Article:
Connecticut’s Ryan Boatright drives past Maryland’s Dez Wells during the first half. (Maddie Meyer/Getty Images)

Charles Mitchell backed himself against a white wall inside a Barclays Center hallway and looked down at his chest. Again, the Maryland men’s basketball team had opened its season here against a nationally ranked opponent. Again, the Terrapins overcame an early fit of messy ballhandling and a double-digit deficit to finish within one basket of the upset. But this one, a 78-77 loss to No. 18 Connecticut, seemed different to the sophomore forward.

“It hurts more,” Mitchell said. “It’s a soft feeling in my heart because I felt like we were the better team.”

Like last November, when the Terps lost by three points in Brooklyn to Kentucky , they called a late timeout Friday night and schemed for the game-winner. Coach Mark Turgeon wanted junior guard Dez Wells, the team’s unquestioned leader, with the ball in his hands. With the Terps down one point, Wells curled off a double screen and caught the inbounds pass but ran into two other Huskies playing help defense. So he stopped, rose and shot.

“It went in and out,” Wells said. ‘It rolled around the rim. It was a good look. It happens, but you live and you work hard throughout the offseason for that moment. I know I can make that shot.”

But for a furious second-half barrage and help from their opponent, the Terps never would have been in position to get a win. Laboring without a true point guard in the wake of Seth Allen’s recent broken foot, Maryland committed 13 turnovers and struggled to establish offensive sets. Wells handled the playmaking duties, and the junior’s first test opened with two credited turnovers in the first four possessions.

The frantic pace better suited the Huskies, who won 20 games last season despite an NCAA-imposed postseason ban. Against Connecticut’s shifty, smothering backcourt of Shabazz Napier and Ryan Boatright, the Terps needed crispness. Instead, they brought slop.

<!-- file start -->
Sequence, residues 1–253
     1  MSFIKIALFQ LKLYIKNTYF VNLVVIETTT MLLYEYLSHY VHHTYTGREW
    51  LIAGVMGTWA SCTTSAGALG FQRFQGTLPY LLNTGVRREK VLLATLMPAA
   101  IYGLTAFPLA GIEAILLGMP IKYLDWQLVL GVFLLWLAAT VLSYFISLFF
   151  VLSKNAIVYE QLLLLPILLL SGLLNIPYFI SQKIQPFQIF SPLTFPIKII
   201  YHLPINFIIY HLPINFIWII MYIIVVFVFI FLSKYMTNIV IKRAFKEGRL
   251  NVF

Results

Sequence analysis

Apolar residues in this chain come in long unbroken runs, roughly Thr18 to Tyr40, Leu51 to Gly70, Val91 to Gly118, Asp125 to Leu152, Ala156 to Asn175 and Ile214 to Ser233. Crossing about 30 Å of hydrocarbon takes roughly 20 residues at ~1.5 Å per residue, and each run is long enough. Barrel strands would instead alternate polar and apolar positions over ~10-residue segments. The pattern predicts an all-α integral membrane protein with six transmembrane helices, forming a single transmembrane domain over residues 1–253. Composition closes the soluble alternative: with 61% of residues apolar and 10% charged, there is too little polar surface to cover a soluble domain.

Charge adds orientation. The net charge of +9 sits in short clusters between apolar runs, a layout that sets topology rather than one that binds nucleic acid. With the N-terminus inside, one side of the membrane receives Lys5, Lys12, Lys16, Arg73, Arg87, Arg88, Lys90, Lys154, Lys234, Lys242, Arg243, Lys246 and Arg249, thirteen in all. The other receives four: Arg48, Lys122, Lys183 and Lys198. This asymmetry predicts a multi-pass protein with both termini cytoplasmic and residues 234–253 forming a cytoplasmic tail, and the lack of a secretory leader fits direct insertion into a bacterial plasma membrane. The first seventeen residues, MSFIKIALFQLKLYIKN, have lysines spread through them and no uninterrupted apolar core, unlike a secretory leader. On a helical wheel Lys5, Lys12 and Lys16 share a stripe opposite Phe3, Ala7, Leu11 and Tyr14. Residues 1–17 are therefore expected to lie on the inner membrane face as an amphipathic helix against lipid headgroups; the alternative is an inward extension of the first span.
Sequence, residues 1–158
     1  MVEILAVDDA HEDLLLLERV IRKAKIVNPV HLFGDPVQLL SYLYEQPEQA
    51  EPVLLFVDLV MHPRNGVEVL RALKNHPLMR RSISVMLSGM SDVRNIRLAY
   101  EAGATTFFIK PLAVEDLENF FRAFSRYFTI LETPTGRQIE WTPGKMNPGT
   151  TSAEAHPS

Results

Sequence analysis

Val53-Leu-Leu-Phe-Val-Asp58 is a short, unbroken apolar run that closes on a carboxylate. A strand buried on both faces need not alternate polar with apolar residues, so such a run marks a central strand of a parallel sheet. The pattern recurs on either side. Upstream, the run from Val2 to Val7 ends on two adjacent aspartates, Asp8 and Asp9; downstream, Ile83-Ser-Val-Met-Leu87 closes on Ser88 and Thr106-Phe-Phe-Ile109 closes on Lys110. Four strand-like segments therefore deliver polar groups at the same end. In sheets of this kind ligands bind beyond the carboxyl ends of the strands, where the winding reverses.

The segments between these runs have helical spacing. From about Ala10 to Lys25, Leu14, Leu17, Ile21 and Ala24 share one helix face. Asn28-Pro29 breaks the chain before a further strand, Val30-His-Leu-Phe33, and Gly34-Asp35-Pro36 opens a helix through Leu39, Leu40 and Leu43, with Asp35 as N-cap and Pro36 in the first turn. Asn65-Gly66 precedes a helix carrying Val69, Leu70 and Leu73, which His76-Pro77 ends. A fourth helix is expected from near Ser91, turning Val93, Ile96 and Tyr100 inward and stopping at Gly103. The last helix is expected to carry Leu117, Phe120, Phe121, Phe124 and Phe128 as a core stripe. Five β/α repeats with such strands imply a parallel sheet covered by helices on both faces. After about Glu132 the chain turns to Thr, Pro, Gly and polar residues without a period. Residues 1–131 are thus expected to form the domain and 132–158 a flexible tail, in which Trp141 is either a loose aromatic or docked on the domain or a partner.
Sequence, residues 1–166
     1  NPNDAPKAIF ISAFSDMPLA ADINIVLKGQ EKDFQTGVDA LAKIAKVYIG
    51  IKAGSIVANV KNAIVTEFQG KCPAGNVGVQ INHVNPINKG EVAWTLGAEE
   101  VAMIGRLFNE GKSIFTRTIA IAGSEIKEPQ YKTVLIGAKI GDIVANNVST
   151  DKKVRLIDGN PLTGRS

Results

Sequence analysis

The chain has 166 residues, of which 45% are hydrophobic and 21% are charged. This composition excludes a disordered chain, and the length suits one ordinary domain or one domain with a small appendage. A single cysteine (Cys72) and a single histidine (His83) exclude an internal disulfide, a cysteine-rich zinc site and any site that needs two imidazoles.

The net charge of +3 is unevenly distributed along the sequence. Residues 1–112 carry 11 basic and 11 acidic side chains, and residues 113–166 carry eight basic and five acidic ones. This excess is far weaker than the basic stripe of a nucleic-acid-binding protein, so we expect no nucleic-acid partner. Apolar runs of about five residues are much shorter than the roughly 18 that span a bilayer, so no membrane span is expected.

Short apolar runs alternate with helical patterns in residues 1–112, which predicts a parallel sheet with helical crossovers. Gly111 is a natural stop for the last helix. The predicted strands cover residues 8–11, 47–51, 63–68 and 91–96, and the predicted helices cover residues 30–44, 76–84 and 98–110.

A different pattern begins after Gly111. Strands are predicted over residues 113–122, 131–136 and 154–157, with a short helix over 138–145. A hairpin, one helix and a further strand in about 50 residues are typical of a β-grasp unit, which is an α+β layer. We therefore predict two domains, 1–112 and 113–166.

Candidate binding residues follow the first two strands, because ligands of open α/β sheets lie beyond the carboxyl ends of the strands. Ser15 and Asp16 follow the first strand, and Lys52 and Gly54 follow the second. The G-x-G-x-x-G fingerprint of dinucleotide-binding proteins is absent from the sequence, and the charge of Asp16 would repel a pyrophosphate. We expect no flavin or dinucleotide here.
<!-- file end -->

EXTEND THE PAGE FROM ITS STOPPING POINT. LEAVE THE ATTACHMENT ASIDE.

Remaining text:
“The first half felt like last year,” Turgeon said, referring to the Kentucky game. “I felt like we never got over the hump in this one.”

Behind midway through the second half by 17 points, Maryland was helped in its comeback by several Huskies turnovers and two bricked free throws.

Turgeon dialed up a full-court press. Faust, who finished with a team-high 17 points despite shooting 5 of 18 from the field, made his first field goal after intermission with 3 minutes 19 seconds left, then swished a three-pointer that brought his team within two about a minute later. Soon Napier, a unanimous preseason first-team all-American Athletic Conference selection, had fouled out. The Maryland bench rose to its feet.

“If Dez Wells’s shot goes in, everybody is talking about how good we are,” Turgeon said.

But it didn’t, and so the attention turns to Maryland, which dug itself an early, ultimately insurmountable hole despite five scorers finishing in double digits — Wells, Evan Smotrycz and Jake Layman notched 13 each and Mitchell had 12.

The Huskies sprinted to an 11-5 lead, turning giveaways into fast-break points and forcing Maryland into a 3-2 zone. Before long, they poked holes in that, too. As Ghanaian center Amida Brimah protected the rim on defense, Connecticut closed the half with points on four of five possessions and went up by 12.

With each forward step the Terps took, Connecticut answered. Maryland’s defense finally stepped up midway through the second half, forcing four Huskies turnovers in six possessions to allow Maryland to sneak back within five points. Then Connecticut couldn’t make the front ends of consecutive one-and-ones in the final 30 seconds. Both Boatright and Terrence Samuel missed. For the Terps, the openings were there, right up until the final possession, just like they were against Kentucky.

“There’s really no moral victory within it,” Wells said. “Basketball’s a game of runs and highs and lows. You can’t be too high, can’t be too low. We have to be even-keeled throughout the whole season, and we’ll be a better team than we were last year.”